Rather than resorting to damaging protectionist measures, the senators would be better advised to help China move toward capital freedom. That means pointing out how China risks falling behind India, where Prime Minister Manmohan Singh recently put capital-account convertibility firmly back on the agenda. And it means supporting reformers such as Zhou Xiaochuan, the head of China’s central bank, who recently committed his country to move in the same direction.

There have been other encouraging signs. The central bank’s Monetary Policy Committee said in September that the market should “play its role in economic restructuring,” including further interest- and exchange-rate reforms, and that “efforts should be made to advance financial reform” in order “to enhance the effectiveness of monetary policy.”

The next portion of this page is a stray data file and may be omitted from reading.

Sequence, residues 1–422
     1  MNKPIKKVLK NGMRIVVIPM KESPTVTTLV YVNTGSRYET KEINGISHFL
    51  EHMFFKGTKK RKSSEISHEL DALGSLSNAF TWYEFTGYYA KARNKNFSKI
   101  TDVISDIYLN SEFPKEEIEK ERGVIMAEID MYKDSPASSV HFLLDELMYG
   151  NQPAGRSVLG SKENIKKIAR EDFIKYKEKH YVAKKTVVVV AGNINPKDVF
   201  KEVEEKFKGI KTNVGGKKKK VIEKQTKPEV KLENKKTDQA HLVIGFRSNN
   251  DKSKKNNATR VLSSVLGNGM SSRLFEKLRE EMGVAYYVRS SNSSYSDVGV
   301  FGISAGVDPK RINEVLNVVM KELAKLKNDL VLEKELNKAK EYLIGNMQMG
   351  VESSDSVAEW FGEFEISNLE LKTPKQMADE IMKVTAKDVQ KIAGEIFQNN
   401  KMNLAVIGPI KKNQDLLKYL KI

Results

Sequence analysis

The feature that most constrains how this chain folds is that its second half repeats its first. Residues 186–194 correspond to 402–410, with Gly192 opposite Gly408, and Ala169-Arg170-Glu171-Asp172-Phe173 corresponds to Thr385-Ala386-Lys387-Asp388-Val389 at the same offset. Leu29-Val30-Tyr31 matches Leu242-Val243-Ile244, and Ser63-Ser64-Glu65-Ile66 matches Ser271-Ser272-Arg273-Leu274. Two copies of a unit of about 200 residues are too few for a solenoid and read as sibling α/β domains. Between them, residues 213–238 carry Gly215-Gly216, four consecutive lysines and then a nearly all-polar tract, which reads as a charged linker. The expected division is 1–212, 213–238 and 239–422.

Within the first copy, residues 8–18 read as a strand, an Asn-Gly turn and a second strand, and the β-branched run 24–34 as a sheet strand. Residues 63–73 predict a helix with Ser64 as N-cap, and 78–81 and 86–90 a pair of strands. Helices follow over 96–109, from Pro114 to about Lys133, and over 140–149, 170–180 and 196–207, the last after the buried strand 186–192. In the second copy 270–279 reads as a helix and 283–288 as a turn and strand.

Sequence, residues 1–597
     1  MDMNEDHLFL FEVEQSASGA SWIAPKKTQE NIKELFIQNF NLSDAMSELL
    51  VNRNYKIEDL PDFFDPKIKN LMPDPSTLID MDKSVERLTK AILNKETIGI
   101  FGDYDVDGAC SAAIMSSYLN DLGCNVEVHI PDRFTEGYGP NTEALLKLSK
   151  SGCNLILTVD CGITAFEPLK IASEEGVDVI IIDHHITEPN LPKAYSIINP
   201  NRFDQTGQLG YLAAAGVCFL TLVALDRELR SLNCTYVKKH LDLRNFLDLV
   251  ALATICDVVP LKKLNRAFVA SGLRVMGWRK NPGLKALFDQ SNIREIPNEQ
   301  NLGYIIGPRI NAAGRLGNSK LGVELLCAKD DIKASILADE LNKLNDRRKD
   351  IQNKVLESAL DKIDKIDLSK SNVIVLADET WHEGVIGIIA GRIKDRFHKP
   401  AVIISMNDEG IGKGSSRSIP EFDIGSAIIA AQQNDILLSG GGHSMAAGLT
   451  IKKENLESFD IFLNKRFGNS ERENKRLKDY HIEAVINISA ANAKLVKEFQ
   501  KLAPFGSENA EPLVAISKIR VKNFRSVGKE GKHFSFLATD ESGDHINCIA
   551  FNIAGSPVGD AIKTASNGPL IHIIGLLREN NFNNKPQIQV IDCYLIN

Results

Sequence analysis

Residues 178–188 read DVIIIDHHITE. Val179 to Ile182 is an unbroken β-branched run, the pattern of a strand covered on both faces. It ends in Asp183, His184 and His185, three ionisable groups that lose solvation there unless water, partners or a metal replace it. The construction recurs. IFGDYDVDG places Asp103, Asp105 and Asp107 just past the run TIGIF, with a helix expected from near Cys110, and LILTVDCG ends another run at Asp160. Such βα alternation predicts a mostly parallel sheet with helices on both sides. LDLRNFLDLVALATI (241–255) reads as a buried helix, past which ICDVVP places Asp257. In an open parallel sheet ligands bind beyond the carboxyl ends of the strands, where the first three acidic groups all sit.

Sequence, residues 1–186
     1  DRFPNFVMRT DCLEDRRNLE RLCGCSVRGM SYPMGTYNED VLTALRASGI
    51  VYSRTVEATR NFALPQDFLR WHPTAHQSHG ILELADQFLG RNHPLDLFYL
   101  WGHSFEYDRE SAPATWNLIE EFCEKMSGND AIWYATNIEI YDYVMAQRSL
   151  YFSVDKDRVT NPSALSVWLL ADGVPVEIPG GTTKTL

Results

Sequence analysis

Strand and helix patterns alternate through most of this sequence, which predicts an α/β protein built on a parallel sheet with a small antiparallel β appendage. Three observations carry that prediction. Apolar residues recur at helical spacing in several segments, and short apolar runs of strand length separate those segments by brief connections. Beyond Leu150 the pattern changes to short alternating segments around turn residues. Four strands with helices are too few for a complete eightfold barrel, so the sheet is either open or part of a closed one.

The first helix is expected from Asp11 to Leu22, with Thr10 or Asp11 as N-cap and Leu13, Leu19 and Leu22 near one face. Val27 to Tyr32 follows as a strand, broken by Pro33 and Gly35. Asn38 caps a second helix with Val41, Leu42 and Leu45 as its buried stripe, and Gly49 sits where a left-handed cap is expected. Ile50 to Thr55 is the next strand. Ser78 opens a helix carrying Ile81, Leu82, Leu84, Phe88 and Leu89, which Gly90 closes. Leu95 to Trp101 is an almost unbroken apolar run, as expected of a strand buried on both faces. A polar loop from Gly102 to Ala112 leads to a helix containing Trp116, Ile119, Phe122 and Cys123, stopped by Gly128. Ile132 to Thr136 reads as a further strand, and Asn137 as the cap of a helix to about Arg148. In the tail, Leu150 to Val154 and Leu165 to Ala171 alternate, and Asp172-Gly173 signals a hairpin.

But the real question is how quickly China will act. Most critics argue that capital controls cannot be relaxed until the banking sector is fully reformed. That argument suggests that if Beijing let the money flow out, it wouldn’t flow back to China again, and domestic Chinese banks’ balance sheets would suffer. Not only is that unlikely, but it ignores the important role that competition plays in fostering the most efficient use of capital.

The Chinese Communist Party itself may also put up strong resistance to giving up its control over the financial sector. Once Chinese citizens had a taste of controlling their own capital and private property became protected under the law — as promised in the recently amended Chinese Constitution — the last visage of central planning would disappear and the Party’s power would fade.

That is why the Party failed to adopt the draft civil code — designed to protect private property rights — earlier this month at the National People’s Congress. Indeed, Gong Xiantian, a law professor at Beijing University, strongly criticized the draft civil law because it fails to declare that “socialist property is inviolable.” That mentality explains why China has been so slow in making the transition from financial repression and state ownership to capital freedom and private rights.